There’s something kind of relaxing about being boring, which I am. It’s a conclusion I’ve come to over the past few weeks and after spending way too much time on dating apps. The rote separation of potential hopefuls from a digital sea of fish is a kind of mirror. You start realizing that other people may really, really love to travel and pet wild animals more than you. And it isn’t that you don’t like to travel, but you would never say your enjoyment of seeing other places is an integral part of your being. At least I wouldn’t.
I’m also turning thirty-four next week. Birthdays are another mirror that seems as unbreakable as they are pointless. Thirty-four, however, feels different. I’ve always wanted to be thirty-four. In my twenties, I thought that by the official start of my mid-thirties I would have my life figured out. I would have become a successful professional. I hoped that meant a professional writer, but if it didn’t by thirty-four I would have struggled with the possibility of giving up that dream, weighed the pros and cons, then settled into my newly discovered non-writing life. I would never get a Pulitzer, but I might go on vacations every year or so that I’d only discuss briefly and only with people I know in real life.
Thirty-four seemed like a place where partnership would lose its immature reign as the be-all-in-all of existence. I moved to five cities in less than ten years in my twenties and each time I ended relationships I knew couldn’t survive the distance. It was difficult, but I knew it would be less of a challenge that trying to end them over Skype. This wasn’t chivalry; it was practicality. If anything, I left those girlfriends for the sake of my goals. Sure, I thought that breaking their hearts early and in person would be more honorable. But I also thought I was saving myself time, quickly-sent and poorly-worded emails, and digital dances of “...but what if we tried....”
It wasn’t until I was thirty and I made that fifth move when someone broke my heart. That was after I spent my thirtieth birthday subletting a friend’s apartment in Alphabet City while I temped and earn (barely) enough money to stay in New York. They were an Australian in the US on a limited visa and they’d gone back to Oz once it ran out. It wasn’t the first time I’d considered quitting writing, but it was the strongest consideration. Before when friends were settling down, buying houses, and having kids while I was eating lentils and rice every night, I thought how much easier life would be if I quit. But that was the end of the thought. At thirty, I actually began planning: move across the globe to a country I’d never been to, take up an administrative or teaching job in Sydney, and marry her so that we could be together no matter which country she chose to reside in.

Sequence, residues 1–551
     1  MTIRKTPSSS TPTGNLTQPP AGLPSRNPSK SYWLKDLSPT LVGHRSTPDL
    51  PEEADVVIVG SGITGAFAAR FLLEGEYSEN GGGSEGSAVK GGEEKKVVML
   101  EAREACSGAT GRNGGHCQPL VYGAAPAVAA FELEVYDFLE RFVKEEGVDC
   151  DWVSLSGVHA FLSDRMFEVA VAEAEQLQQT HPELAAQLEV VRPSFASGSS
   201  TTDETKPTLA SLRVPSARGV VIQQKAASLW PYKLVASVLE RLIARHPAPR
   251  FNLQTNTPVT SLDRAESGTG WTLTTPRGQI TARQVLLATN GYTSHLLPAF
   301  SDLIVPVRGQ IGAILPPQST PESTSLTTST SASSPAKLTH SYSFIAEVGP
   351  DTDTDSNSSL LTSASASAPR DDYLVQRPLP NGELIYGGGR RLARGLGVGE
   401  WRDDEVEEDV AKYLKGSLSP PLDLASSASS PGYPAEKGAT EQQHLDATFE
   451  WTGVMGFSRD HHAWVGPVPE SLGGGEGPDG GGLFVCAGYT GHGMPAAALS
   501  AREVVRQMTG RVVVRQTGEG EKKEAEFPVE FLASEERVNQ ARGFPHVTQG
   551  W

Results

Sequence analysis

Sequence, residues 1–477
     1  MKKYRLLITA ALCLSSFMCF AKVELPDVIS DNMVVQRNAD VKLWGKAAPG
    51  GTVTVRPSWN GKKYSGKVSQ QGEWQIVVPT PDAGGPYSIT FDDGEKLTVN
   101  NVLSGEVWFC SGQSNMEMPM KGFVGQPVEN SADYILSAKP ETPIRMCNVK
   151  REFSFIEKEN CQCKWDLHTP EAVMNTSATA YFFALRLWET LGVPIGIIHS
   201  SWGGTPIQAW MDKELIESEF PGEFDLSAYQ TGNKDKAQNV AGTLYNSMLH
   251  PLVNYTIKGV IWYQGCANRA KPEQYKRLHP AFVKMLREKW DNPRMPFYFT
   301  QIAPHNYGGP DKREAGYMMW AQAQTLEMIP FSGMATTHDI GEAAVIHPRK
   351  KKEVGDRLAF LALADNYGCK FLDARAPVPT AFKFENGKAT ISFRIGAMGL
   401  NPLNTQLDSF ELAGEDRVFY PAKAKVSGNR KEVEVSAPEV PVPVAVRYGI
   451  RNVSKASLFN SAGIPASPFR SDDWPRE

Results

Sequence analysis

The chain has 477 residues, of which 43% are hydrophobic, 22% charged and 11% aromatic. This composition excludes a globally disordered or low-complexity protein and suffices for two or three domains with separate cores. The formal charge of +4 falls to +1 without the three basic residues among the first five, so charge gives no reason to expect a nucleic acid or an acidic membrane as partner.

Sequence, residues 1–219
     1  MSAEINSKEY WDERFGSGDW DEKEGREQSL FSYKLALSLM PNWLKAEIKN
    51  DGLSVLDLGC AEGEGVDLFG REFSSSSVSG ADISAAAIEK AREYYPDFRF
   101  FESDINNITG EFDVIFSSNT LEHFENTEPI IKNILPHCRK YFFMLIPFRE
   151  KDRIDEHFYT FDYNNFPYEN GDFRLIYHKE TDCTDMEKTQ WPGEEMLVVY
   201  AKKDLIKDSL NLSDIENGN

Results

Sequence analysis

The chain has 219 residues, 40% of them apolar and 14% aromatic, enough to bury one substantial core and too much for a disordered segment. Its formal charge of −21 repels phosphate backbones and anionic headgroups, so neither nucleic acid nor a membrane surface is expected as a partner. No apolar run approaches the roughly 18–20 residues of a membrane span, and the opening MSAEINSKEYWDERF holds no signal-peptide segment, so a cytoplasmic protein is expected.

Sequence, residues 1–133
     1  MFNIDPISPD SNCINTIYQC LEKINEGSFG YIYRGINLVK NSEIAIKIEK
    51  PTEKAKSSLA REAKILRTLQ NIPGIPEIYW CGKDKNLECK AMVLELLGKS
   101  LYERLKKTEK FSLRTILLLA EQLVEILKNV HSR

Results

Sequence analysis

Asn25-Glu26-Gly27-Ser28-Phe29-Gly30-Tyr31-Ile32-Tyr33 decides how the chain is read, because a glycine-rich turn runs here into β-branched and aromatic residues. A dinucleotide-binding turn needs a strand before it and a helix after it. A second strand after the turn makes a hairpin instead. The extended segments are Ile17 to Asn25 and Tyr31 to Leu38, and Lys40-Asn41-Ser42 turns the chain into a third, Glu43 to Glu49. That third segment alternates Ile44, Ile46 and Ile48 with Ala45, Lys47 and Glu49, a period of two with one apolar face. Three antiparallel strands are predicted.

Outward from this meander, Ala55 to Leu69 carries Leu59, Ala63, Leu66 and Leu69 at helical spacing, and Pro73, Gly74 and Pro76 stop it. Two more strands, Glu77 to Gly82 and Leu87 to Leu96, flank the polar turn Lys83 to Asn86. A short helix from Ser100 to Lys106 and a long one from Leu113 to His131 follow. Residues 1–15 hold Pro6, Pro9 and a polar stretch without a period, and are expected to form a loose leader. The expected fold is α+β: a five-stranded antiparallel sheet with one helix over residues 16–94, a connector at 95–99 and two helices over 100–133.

Of course as fate is want to do for exes, our break up was the start of a string of good fortune for her. She ended up coming back to the States after winning the visa lottery. Winning the visa lottery feels like winning Powerball and if you don’t think so, ask anyone who isn’t American. Over night, you go from fantasizing about the American Dream to getting a call from the American government inviting you to live it. When she came back, she decided she’d rather start her life like any good American: as independent as possible.
That painful start to my thirties energized my resolve to write again. After all, nothing focuses the brain like a lack of options. I could be alone, miserable, and not do the thing I loved more than most other people, or I could recommit myself to, really, the one thing I had at the time. This commitment coincided with some of that hard work paying off in definitive ways. I started a year-long fellowship at the Public Theater and later got my first TV job on Law & Order: SVU. Since then, all I’ve been is a writer. And when I feel like I haven’t accomplished enough, I try to think about what the twenty-three-year-old who blindly moved from California to Chicago would say about the past four years.
Through that kid’s eyes, I worked very hard to be boring. A decade of crashing on couches, moves to cold, compassionless cities hoping to “break in” or just be in, heartbreaks - given and taken. That’s the most surprising aspect to entering mid-thirties; being boring is the best. I don’t want to go to a club on any night of the week and I’m fine with that. I would always pick a small dinner with friends or hike with my dog over waking up in random towns with strangers. The concept of paying to go to a music festival for the experience of standing around and drinking overpriced beer seems like a kind of punishment.
Boring is thirty-four’s greatest reward. I haven’t achieved everything I wanted to by this point. Eventually, I hope someone might want to be boring with me. But if I keep being swiped to the left, I’ll keep enjoying mundanity.